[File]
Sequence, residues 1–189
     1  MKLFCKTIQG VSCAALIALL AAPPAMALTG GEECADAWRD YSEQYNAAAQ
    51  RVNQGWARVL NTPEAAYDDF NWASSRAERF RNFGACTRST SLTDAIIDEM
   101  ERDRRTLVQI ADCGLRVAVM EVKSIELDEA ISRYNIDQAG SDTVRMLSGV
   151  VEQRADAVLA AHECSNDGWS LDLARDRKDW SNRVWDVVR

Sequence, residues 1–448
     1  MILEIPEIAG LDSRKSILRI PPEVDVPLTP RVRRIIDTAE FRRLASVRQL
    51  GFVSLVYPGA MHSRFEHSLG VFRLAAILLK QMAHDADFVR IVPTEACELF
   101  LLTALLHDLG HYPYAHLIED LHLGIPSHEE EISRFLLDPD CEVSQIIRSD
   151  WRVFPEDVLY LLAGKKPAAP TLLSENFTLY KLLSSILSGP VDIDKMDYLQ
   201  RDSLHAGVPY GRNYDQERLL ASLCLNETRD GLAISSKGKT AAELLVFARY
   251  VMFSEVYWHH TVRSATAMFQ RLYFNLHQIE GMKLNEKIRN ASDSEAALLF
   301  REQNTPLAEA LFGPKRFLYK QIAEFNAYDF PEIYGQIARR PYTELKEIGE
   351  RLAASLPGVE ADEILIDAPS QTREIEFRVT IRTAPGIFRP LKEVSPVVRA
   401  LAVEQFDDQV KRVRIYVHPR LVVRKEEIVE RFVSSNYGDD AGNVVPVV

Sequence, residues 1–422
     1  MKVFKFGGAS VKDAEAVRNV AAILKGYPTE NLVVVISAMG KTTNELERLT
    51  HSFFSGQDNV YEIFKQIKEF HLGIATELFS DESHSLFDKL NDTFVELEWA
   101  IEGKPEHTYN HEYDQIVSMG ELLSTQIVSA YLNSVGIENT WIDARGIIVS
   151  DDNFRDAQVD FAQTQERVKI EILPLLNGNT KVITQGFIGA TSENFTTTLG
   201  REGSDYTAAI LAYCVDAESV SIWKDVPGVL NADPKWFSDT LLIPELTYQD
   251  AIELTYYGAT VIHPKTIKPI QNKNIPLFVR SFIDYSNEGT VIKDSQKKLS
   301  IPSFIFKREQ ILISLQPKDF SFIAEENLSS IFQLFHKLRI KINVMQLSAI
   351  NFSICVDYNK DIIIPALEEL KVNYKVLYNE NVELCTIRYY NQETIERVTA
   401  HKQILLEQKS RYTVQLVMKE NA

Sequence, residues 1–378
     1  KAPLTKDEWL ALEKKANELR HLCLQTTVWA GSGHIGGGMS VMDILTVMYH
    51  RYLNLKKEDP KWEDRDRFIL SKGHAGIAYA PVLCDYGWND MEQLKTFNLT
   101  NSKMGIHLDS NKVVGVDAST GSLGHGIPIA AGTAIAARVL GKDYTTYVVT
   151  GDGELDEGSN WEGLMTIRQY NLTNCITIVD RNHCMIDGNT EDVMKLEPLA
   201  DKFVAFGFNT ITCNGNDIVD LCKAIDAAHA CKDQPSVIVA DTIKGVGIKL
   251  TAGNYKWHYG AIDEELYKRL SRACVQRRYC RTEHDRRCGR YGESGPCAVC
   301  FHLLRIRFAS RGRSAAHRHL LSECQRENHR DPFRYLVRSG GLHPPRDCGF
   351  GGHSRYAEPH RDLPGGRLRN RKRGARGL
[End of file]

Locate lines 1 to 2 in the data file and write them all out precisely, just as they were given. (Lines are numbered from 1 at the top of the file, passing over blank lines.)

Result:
Sequence, residues 1–189
     1  MKLFCKTIQG VSCAALIALL AAPPAMALTG GEECADAWRD YSEQYNAAAQ